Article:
WHERE ARE THEY NOW?
Number 2 - 27 August 2008
The road to Wembley is one that Geoff Pike knows very well from his playing days with West Ham United. On 14 March 1981, the Hammers contested the League Cup final as part of a tremendous season that finished with the then FA Cup holders returning to the top flight of English football. Pike was a key figure in the 1-1 draw with Liverpool in front of 100,000 fans at Wembley and featured again in the 2-1 replay defeat at Villa Park. Despite the eventual outcome, it is a memory he holds dear from a ten-month spell during three occasions - including the Charity Shield.
From that 1980/1981 final, Pike remembers only two significant moments, although they are "massive memories". One is Alan Kennedy's controversial opener for the Reds when the failure by referee Clive Thomas to rule Sammy Lee offside incensed the normally mild-mannered manager John Lyall. The other was the last-gasp equalising penalty by spot-kick king Ray Stewart. He said: "It wasn't a great game although on a personal note I was extremely pleased with my own personal performance and that was backed up with some very complimentary newspaper reports the following day which I have still got copies of today."
Pike is well aware that the national stadium looms large in the consciousness for anyone starting out in the early stages of this country's cup competitions. "Wembley is in the back of your mind from the first rounds. It is such an honour to play there and we did it three times in the space of ten months. There were a lot of players who where much better than myself who had never had the opportunity to do it once. It was quite amazing."
The 51 year old now works for the Football association, which is striving to develop the grassroots of the sport just as much as it is the top level of football through the England team and the rebuilt Wembley Stadium. He has been with the game's guardians - working under Sir Trevor Brooking - for just over a year following a lengthy spell with the Professional Footballers' Association.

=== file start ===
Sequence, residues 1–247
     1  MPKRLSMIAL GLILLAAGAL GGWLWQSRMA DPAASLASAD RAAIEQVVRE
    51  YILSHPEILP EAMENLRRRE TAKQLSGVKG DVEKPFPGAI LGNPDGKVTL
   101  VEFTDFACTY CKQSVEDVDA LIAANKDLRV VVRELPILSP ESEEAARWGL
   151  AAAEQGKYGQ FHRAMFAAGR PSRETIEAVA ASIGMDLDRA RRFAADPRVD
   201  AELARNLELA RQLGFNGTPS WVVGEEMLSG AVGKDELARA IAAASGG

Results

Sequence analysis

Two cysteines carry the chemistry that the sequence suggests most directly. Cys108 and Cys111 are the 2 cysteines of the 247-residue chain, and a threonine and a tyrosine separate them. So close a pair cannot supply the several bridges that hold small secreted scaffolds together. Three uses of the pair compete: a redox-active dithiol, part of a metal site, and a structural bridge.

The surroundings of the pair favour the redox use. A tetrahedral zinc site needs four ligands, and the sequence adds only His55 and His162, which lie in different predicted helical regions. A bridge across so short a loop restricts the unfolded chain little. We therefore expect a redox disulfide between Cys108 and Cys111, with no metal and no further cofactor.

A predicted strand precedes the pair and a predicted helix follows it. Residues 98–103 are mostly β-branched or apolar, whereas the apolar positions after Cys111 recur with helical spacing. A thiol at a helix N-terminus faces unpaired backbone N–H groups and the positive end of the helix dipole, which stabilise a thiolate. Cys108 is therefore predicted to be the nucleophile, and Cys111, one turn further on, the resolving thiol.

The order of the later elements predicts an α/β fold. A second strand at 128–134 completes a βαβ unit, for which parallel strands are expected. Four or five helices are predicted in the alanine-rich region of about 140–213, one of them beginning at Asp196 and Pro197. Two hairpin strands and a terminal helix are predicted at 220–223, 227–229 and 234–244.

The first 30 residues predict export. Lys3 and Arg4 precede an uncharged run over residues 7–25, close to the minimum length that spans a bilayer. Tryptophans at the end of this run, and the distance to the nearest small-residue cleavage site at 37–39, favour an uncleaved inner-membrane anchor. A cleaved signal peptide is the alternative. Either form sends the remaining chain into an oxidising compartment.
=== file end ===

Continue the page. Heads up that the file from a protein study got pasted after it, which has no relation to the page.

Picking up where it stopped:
"I was at the PFA for nine years and worked with the players and ex-players to get them equipped with their coaching qualifications. My job now with the FA is more around the tutor development. So where before I was working with coaches, I am now working with the tutors that teach the coaches.
"I still do a lot of courses but a lot more with the general public rather than players and ex-players right the way up to the highest level, so I work from level 3, 2 and A licence as a tutor. It is not much different to the PFA work but it is more about developing what happens at grassroots level."
That link with Sir Trevor, the FA director of football development, recalls the midfield partnership that the pair enjoyed during their Hammers heyday. "When we were playing I used to have to run around, do all Trevor's hard work for him and then he took the glory," he added with a smile. "The same thing is happening now where I do al the running around for him and he still gets all the glory. Some things never change!"
Those Wembley occasions were the highlight of a playing career defined by his eleven years serving West Ham United as a tough-tackling, industrious midfielder between 1976 and 1987. Although nothing can replace the thrill of playing, Pike is getting plenty of satisfaction from working with aspiring coaches today acroos London and beyond.
"I have been doing it now for just over a year. I enjoy it and it is very diverse. There are lots of things going on. So we will see what transpires over the next months and years. And you never know, we might produce a player or two.
"Working in the London area there are always West Ham fans around and they are usually very complimentary. They probably weren't when I was playing, the were probably standing on the Chicken Run giving me loads of stick but that's the nature of the game!"